Wednesday, April 24, 2024
spot_img

South Africa: Antibiotic Slashes Risk of Drug-Resistant TB in Kids, Finds Major SA Study

For decades the standard way to prevent people who were exposed to tuberculosis (TB) from falling ill with the disease was to offer them a medicine called isoniazid, taken daily for six or more months. That changed in the last decade with the development of new preventive therapy regimens that are taken for four, three, or even just one month.

One complexity, however, is that both isoniazid and the new regimens are much better at preventing normal drug-sensitive TB than they are at preventing drug-resistant forms of TB. This is not surprising. As explained by Paediatric Infectious Disease doctor and Professor of Global Child Health at Imperial College London, Dr James Seddon, the two drugs that have mainly been used to prevent drug-susceptible TB are isoniazid and rifampicin (rifampicin’s sister drug rifapentine is also used). Now, by definition, he explains multidrug-resistant (MDR) TB is resistant to both these drugs so it’s unlikely to have any impact.

The situation is particularly tricky when it comes to children. In a 2020 statement the World Health Organization (WHO) says that it estimated that worldwide between 25 000 and 32 000 children develop MDR-TB each year, and mainly acquire it through transmission from close contact with an adult or adolescent who has MDR-TB. According to Seddon, while there is some emerging observational evidence on the use of drugs other than isoniazid and rifampicin to prevent MDR-TB, there has been no clinically tested regimen to give to children following MDR-TB exposure.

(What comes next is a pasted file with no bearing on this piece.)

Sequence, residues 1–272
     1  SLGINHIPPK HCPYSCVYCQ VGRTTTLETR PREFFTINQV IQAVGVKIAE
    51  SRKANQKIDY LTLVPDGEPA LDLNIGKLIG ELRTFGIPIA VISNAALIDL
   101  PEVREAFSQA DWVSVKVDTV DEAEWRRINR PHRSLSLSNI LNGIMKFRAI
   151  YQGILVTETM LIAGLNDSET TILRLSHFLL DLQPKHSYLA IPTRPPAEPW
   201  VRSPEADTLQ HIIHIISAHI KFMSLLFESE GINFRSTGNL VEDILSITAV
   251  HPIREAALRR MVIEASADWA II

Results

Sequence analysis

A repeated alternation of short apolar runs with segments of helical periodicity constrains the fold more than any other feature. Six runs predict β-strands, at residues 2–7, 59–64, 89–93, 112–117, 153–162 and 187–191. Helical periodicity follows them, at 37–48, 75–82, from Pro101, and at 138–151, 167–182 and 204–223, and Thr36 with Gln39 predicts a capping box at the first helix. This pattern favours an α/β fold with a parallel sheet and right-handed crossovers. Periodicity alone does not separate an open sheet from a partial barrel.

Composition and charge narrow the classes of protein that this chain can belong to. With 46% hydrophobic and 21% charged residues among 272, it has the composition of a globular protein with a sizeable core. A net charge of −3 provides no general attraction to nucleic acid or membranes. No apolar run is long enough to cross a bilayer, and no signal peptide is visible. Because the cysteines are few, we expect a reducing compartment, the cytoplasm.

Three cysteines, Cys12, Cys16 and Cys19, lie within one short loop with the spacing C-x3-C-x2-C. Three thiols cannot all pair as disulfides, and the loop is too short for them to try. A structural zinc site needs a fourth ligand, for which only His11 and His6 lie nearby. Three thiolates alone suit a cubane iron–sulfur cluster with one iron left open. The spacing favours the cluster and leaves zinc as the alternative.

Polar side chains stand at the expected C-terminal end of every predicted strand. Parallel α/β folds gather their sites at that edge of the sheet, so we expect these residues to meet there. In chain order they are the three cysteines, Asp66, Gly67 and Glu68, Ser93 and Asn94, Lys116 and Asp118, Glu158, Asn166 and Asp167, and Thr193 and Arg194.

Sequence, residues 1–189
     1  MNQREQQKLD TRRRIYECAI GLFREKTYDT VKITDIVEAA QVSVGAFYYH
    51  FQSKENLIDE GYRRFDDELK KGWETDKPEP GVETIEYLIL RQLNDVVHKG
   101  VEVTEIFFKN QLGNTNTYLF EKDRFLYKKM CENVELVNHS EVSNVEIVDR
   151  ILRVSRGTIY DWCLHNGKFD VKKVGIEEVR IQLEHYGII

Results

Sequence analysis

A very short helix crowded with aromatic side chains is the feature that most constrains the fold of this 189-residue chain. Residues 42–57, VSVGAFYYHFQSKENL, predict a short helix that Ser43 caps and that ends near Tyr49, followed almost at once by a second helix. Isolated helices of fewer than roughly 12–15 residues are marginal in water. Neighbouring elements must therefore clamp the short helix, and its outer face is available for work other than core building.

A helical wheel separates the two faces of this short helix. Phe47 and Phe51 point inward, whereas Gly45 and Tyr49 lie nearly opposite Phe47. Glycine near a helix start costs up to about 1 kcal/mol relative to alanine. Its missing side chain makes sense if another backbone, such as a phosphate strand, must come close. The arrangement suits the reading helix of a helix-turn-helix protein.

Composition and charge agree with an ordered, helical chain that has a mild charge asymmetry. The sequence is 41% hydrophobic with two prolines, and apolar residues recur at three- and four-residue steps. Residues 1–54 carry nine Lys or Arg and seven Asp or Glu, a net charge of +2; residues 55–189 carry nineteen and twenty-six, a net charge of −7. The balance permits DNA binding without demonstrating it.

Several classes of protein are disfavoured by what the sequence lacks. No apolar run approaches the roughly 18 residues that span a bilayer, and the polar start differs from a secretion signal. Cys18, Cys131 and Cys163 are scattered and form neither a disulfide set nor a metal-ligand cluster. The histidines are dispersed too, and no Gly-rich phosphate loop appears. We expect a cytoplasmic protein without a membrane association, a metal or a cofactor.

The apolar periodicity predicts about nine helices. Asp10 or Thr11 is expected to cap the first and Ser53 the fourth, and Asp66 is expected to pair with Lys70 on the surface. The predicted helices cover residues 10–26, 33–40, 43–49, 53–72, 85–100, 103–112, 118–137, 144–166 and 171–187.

Now, much anticipated results from a phase three trial has shown that a single antibiotic pill, given daily for six months, is safe and effective to use in children who have been exposed to MDR-TB.

Results from TB CHAMP

The trial, called TB-CHAMP, looked at the efficacy and safety of using the antibiotic levofloxacin to prevent TB in children exposed to MDR-TB. Top-line findings from the study was presented last week at the Union World Lung Conference held in Paris, France.

“The paediatric population is probably the most neglected of all the populations affected by MDR-TB,” Dr Anneke Hesseling, Director of the Paediatric TB Research Programme at Stellenbosch University, told the conference. “Fewer than 20% who develop MDR-TB disease are actually diagnosed and treated, and so to find more cases and prevent more cases is really, really critical…So prevention is really key, and the TB-CHAMP trial is really a phase three efficacy trial looking at levofloxacin to prevent new cases of TB in children and also looking at the safety of levofloxacin.”

Hesseling, who is the Principal Investigator of the study, says that TB-CHAMP is the first trial to provide clinical data on what drug might be used to prevent TB in children who have been exposed to MDR-TB. It was conducted at five sites across South Africa, all with high MDR-TB burdens. The study was led by Stellenbosch University and the Desmund Tutu TB Centre. The findings have not yet been published in a peer-reviewed journal.

922 children were randomised to receive either levofloxacin or a placebo for six months. 453 children got levofloxacin and 469 got the placebo. The primary efficacy data featured data from 916 of those children, with 451 in the levofloxacin arm and 465 in the placebo arm.

Hesseling says that only children who were exposed to an adult in their household with confirmed MDR-TB were included in the study. At first children below the age of five were recruited, regardless of their TB infection status. Later children between the ages of five and 17 were included, but they had to either have a TB infection or be living with HIV. The majority of the children, 90%, were younger than five years. TB infection was confirmed with a blood test.

By 48 weeks, Hesseling says five children in the levofloxacin arm versus 12 in the placebo arm developed TB, which amounts to an incidence rate of 1.1% in the levofloxacin arm, and 2.6% in the placebo arm.

“In essence, we showed that levofloxacin compared to placebo reduced the risk of developing TB in young children by 56%. And very importantly for this class of drug, we showed that levofloxacin was extremely safe and very well tolerated in kids,” she says.